The Washington Post and the U.S. Department of Energy hacked: a lesson for others

Within a few days in the middle of August, reports of massive cyber attacks against the U.S. media surfaced, more specifically, at the Washington Post, CNN and Time, as well

Within a few days in the middle of August, reports of massive cyber attacks against the U.S. media surfaced, more specifically, at the Washington Post, CNN and Time, as well as at the U.S. Department of Energy. These incidents are hard to overlook, even the though criminals used well-known techniques to invade the networks.

The first attack targeted the Washington Post. Managing editor Emilio Garcia-Ruiz wrote in the editorial blog that some “Syrian Electronic Army” (SEA) had subjected Post newsroom employees to a sophisticated phishing attack to gain password information. The attack resulted in one staff writer’s personal Twitter account being used to send out a Syrian Electronic Army message. But that was only a small piece of the attack. The fact that for 30 minutes some articles on their website had been redirected to the Syrian Electronic Army’s site was far more serious.

According to Garcia-Ruiz, the alleged Syrians gained access to elements of their site by hacking one of WP’s business partners. The attack worked because of a vulnerability in Outbrain, a third-party content recommendation service.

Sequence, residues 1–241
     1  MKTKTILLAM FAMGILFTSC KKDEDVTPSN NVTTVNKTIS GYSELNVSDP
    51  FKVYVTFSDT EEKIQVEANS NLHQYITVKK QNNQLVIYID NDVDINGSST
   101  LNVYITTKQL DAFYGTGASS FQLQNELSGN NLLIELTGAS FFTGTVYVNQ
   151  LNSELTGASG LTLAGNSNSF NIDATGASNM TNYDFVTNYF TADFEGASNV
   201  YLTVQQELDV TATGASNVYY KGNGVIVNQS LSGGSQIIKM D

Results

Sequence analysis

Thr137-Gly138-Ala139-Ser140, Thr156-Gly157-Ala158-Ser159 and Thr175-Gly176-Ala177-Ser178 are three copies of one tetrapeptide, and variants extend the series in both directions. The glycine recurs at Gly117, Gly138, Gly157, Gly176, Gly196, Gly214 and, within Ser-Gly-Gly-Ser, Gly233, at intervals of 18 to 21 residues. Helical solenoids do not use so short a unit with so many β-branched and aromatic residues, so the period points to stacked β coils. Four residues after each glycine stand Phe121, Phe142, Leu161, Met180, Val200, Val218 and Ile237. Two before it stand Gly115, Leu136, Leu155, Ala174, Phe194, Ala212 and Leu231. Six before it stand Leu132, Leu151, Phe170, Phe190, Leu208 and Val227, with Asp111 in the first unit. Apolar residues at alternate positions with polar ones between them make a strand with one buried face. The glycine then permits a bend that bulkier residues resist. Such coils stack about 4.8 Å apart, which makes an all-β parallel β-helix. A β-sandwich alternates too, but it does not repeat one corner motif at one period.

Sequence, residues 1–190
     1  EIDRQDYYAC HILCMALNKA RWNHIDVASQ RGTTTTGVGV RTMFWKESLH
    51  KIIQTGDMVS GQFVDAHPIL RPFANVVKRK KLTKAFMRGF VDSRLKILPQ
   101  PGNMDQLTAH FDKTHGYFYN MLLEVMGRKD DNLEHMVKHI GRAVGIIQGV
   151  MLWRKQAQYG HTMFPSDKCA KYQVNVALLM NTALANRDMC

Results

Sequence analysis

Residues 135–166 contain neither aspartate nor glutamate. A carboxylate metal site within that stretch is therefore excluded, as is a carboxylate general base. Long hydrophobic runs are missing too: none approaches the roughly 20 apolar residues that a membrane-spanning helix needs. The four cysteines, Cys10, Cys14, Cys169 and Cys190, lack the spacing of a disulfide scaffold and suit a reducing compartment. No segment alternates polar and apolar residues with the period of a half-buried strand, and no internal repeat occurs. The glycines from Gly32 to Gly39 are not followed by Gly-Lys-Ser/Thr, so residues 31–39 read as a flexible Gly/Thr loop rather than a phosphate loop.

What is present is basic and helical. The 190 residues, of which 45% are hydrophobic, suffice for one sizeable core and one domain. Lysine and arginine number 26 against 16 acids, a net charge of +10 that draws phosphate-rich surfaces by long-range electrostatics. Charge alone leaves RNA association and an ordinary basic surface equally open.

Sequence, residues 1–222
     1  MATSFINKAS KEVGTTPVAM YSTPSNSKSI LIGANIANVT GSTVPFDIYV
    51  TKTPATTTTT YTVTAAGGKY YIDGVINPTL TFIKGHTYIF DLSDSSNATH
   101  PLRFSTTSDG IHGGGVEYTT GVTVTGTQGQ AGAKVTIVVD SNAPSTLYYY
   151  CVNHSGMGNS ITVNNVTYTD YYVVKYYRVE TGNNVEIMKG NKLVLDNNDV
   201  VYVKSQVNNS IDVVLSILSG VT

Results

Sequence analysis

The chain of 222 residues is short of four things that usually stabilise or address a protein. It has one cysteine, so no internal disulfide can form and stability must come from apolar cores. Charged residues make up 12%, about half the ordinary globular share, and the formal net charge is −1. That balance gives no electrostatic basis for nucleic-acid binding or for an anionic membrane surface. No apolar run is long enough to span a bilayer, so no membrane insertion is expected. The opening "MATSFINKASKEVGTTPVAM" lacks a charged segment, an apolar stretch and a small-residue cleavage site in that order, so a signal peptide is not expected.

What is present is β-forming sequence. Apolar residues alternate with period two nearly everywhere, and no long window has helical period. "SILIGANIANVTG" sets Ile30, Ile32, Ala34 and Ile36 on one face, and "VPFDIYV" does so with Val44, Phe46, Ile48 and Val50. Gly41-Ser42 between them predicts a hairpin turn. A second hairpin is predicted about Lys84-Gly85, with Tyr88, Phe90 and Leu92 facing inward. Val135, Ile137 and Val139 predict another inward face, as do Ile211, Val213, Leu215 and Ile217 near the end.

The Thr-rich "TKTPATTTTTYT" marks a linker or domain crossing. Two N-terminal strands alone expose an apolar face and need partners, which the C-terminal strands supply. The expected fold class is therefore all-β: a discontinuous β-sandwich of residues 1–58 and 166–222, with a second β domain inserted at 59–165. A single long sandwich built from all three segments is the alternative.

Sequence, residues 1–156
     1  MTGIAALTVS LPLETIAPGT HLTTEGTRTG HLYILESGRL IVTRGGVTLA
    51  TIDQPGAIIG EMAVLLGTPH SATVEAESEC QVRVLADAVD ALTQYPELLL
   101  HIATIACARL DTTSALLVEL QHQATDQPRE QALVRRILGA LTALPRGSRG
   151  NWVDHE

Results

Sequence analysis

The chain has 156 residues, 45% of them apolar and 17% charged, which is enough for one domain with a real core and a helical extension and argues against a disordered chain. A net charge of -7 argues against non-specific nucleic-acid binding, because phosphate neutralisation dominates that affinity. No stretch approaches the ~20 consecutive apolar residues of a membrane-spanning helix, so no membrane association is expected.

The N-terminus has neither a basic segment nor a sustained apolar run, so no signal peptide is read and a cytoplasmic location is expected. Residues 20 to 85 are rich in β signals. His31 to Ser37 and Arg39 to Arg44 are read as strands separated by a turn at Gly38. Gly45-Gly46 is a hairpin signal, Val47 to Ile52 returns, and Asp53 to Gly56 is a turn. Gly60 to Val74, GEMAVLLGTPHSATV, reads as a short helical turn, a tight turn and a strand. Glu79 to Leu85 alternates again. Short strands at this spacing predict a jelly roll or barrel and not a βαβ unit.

Outbrain works by embedding a widget on websites filled with sponsored links. “It seems as though once the SEA had hacked Outbrain, that gave them access to redirect readers on certain pages to SEA-controlled sites”, – Garcia-Ruiz wrote.

An Outbrain spokesperson soon confirmed that its service had been compromised. They took down service “as soon as it was apparent.” Alas, the invasion was apparent to more than just Outbrain and the Washington Post’s employees.

The Syrian Electronic Army said in turn that their “warriors” managed to compromise the sites of Time and CNN in the same way.

Major U.S. media sources are used to being the targets of attackers, but in this case, the criminals acted with due provision. They used spearphishing and malicious software on the computer of their succumbed users, and then had malware steal the username and password for the attacked Twitter account, taking it under control. The personal twitter of an employee of one of the largest and most prestigious newspapers turned into a loudspeaker. Mission accomplished.

How was Outbrain hacked? Exactly the same way: it took just one hapless employee lured by a fake letter purporting to be from Outbrain’s CEO. The victim entered his or her login and password on the fake resource, and the SEA got access to the control panel of the service.

It is remarkable that two hours passed from the moment the hackers began changing Outbrain’s settings until the company’s employees detected the intrusion.

Here are the important facts. Firstly, to conduct a successful spearphishing attack, intruders should have sufficient information about their potential victim so that he or she won’t suspect anything. Secondly, the attackers have to bypass antiphishing tools, if there are any. The one thing lacking in the case of Outbrain was two-factor authentication.